Album Review
by SashaS

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D. Banhart: as free as a bird on a wire
Devendra Banhart : 'Cripple Crow'
(XL Recordings)
Devendra Banhart - equalizes artistic equilibrium

‘White Reggae Troll/Africa MP3’ starts automatically, the moment this CD is placed in a laptop, all 9:43 minutes of it; it might be just the ideal place to commence this extraordinary journey because this is Devendra Banhart‘s unparalleled world. Neither looking nor sounding like anyone else on the market, the man simply exists on his own cusp of reality. There are no rules, there are no limitations, there is nothing but the widest, and freest, imagination.

Combining reggae and African rhythms into one, Banhart still manages to get some rock into it and make this track such a gem. There will be strings later, there will be minimalism, there is a lot of things the man’s tried before but it is always fresh, dreamy and ethereal.

‘Cripple Crow’ may be short-titled but it is an album that offers more than 74 minutes of music over the remaining 22 tracks. There is a huge variety here, there is a large palette of coloratura, far beyond the acoustic sparseness of his previous three discs. At the same time, it is less peculiar and there are plenty of gems, more poppy rather than the unsettling, spectral folk.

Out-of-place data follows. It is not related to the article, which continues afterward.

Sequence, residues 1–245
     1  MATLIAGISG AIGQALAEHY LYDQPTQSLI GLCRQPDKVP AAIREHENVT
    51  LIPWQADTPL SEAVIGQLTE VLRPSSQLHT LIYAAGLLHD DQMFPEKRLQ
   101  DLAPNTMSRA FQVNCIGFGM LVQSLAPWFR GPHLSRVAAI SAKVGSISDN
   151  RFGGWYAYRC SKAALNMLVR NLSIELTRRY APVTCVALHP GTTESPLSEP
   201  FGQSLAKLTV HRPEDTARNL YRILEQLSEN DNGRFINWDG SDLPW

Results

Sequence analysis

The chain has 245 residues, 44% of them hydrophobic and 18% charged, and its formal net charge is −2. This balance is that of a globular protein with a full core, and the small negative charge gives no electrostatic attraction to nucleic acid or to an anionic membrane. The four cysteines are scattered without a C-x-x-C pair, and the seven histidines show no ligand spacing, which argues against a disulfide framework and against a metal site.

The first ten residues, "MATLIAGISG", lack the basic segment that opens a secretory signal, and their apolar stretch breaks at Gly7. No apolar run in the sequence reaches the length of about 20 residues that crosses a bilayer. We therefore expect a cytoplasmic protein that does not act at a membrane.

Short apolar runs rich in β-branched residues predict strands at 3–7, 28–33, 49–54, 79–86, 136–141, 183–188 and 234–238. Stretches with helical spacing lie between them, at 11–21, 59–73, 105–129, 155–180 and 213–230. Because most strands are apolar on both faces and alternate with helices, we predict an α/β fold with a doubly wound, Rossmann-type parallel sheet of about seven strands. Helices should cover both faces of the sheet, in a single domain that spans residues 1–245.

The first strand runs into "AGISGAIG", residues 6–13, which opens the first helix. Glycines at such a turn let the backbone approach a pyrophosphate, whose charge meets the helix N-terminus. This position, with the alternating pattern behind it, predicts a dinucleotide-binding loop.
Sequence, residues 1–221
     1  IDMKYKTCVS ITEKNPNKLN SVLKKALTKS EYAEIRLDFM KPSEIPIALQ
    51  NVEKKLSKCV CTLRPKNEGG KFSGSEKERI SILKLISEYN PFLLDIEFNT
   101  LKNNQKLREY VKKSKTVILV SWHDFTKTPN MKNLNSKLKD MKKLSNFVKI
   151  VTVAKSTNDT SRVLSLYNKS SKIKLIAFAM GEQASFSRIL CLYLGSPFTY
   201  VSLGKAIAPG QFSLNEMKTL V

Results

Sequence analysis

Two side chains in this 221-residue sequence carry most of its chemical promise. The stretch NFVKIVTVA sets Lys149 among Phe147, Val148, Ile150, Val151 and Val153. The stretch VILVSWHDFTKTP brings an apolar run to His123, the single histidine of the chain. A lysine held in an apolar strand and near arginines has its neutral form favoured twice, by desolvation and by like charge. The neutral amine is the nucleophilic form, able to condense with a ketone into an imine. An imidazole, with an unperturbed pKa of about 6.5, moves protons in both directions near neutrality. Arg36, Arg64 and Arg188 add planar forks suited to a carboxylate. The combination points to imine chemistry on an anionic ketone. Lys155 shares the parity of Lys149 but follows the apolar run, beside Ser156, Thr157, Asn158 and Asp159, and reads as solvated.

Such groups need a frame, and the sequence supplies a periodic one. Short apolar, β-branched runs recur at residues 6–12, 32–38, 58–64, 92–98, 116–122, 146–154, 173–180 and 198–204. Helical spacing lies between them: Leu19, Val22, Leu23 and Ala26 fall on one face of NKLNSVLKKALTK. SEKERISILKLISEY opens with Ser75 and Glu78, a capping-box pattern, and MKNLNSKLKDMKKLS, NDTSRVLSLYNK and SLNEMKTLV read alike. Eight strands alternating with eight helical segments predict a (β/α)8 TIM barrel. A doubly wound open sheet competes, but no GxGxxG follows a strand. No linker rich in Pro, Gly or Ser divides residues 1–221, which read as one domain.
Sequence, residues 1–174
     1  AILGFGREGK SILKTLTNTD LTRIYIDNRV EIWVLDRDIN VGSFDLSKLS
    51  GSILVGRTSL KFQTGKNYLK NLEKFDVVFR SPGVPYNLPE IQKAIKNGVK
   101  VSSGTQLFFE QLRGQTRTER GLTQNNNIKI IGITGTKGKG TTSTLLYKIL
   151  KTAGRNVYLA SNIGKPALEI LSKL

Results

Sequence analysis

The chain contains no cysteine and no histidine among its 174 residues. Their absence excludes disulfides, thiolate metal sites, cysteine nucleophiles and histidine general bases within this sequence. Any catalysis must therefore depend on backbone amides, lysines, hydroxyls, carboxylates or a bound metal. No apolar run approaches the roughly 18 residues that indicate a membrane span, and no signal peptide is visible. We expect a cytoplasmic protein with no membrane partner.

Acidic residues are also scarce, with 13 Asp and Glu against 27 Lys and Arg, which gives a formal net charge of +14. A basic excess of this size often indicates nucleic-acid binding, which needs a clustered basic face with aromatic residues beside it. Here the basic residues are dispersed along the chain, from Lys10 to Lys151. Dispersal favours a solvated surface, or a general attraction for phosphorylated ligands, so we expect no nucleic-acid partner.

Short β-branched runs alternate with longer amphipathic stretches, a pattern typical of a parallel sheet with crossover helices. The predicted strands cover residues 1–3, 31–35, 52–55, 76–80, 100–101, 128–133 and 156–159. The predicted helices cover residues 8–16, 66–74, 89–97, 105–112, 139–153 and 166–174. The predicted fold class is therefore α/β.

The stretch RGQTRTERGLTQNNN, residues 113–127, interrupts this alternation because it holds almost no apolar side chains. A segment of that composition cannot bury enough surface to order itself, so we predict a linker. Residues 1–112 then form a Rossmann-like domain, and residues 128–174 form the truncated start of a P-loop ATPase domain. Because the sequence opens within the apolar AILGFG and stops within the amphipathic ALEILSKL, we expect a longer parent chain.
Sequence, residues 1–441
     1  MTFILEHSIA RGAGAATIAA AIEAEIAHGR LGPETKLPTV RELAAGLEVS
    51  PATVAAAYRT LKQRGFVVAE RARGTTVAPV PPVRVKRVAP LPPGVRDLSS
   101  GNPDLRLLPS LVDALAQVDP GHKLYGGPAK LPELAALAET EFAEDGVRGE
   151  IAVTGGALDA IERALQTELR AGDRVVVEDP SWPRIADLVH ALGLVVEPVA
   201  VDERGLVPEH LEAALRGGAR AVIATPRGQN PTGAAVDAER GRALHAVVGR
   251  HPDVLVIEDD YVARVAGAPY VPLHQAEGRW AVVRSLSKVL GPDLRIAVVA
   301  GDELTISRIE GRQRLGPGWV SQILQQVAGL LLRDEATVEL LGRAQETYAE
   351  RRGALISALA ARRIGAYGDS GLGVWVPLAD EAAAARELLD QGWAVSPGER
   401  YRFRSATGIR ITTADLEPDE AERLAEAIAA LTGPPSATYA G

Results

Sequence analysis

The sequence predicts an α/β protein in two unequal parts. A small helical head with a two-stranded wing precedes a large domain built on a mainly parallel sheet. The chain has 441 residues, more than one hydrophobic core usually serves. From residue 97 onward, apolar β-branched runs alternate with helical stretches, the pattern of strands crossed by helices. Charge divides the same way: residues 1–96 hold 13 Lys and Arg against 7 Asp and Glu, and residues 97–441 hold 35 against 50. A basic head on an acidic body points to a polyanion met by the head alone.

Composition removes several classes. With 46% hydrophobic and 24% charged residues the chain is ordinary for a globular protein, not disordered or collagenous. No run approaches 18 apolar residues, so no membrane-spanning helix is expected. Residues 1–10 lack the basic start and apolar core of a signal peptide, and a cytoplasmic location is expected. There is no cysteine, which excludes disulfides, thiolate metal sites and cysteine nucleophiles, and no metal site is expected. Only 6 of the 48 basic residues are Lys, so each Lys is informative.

At the same time it could never be straightforward because this American-born [Texas] artist, who grew up in Venezuela, before moving back to the US and travelling the world whilst collecting sonic sketches and notes whilst searching for knowledge and need to express himself in a much wider

Honky-tonk piano, droning sitar and some weird guitar sounds should attract new fans to Banhart's jollier moments such as ‘Long Haired Child’, or the gleeful stomp of ‘I Feel Just Like a Child’ and ‘Chinese Children’, which offers the infectious refrain "If I lived in China, I'd have some Chinese children".

There are still more delicate moments such as ‘Now That I Know’ and ‘Heard Somebody Say’, which rank with his most beautiful work. All the tracks bar one [‘Luna Da Margarita’ by Simon Diaz] are written by the man himself; as per usual - the album’s artwork is also part of his vision.

The man keeps his creativity close to his heart that used to be much more introverted in the past; this time it is far more accessible without losing any of the quality.

Devendra Banhart rebalances artistic equilibrium and let’s hope more and more people will look for it in this world that’s becoming straight and narrow by the [corporate] minute.


Devendra Banhart's album 'Cripple Crow' is released 19 September 2005 by XL Recordings